Exclusive lock mode: Prevents the associate’s resource from being shared. This lock mode is obtained to modify data. The first transaction to lock a resource exclusively is the only transaction that can alter the resource until the exclusive lock is released.  
Share lock mode: Allows the associated resource to be shared, depending on the operations involved. Multiple users reading data can share the data, holding share locks to prevent concurrent access by a writer (who needs an exclusive lock). Several transactions can acquire share locks on the same resource.    
What are different Types of Locks?
Oracle automatically uses different types of locks to control concurrent access to data and to prevent destructive interaction between users. Oracle automatically locks a resource on behalf of a transaction to prevent other transactions from doing something also requiring exclusive access to the same resource. The lock is released automatically when some event occurs so that the transaction no longer requires the resource.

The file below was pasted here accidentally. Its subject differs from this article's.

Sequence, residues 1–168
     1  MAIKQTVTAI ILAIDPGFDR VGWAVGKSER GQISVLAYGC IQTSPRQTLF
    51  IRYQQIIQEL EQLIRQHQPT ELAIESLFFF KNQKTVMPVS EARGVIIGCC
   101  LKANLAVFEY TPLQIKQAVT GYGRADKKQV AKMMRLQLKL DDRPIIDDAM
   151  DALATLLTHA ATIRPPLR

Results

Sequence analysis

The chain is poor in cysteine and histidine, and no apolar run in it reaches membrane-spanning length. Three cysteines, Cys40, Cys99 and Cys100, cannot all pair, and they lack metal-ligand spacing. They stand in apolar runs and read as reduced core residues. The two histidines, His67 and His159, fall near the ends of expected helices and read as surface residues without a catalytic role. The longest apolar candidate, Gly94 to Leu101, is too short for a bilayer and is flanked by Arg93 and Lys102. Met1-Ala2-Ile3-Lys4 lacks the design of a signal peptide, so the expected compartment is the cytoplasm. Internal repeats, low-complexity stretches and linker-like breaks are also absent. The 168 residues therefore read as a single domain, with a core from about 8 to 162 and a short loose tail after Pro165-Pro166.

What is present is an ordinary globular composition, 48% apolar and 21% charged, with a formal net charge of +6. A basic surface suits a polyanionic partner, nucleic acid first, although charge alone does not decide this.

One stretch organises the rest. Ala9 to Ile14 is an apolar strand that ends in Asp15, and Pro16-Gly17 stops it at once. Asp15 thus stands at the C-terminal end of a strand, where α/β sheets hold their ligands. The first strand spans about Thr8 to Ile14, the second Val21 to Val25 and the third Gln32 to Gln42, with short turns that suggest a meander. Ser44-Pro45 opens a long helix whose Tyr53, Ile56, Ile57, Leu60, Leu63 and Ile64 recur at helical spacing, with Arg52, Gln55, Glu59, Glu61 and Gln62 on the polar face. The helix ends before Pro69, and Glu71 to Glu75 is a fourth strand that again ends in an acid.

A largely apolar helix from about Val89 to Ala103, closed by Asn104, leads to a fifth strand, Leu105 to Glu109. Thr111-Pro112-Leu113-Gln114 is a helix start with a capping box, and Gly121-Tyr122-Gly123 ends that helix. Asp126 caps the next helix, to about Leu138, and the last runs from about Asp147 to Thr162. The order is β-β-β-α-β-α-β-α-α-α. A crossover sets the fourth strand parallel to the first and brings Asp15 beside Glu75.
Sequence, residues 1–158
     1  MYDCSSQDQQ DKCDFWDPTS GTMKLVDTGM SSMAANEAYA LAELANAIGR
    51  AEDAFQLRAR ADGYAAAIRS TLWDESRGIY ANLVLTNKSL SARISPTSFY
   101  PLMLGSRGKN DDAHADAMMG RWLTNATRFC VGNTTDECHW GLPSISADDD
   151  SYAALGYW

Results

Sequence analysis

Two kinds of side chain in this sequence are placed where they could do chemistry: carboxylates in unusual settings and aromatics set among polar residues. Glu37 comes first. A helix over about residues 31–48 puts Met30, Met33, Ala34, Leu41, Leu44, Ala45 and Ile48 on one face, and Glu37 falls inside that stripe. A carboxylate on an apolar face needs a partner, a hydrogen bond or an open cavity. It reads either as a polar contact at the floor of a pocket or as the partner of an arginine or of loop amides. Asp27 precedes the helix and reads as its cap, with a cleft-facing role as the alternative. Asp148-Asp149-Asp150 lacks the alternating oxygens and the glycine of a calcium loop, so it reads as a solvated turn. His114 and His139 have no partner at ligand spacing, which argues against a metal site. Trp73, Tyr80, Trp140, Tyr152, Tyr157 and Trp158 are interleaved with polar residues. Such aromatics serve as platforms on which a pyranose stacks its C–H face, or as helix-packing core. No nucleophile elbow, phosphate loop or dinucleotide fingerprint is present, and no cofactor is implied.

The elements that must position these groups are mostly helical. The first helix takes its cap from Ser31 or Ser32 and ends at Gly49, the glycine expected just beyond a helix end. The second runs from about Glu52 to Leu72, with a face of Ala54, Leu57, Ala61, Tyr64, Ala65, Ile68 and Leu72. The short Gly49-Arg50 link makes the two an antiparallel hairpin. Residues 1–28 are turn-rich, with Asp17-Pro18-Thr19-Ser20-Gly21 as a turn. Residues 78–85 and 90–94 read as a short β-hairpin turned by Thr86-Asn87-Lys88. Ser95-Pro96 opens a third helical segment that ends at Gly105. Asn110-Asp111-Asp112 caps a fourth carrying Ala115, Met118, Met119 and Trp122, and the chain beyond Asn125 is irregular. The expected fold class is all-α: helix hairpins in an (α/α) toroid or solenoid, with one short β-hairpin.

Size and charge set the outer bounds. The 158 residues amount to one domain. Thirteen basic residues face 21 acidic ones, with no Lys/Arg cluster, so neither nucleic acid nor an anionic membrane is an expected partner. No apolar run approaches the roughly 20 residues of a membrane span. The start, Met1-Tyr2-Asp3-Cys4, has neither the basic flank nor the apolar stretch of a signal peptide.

DML locks (data locks):  DML locks protect data. For example, table locks lock entire tables, row locks lock-selected rows.    
DDL locks (dictionary locks): DDL locks protect the structure of schema objects - for example, the definitions of tables and views.  
Internal locks and latches: Internal locks and latches protect internal database structures such as datafiles. Internal locks and latches are entirely automatic.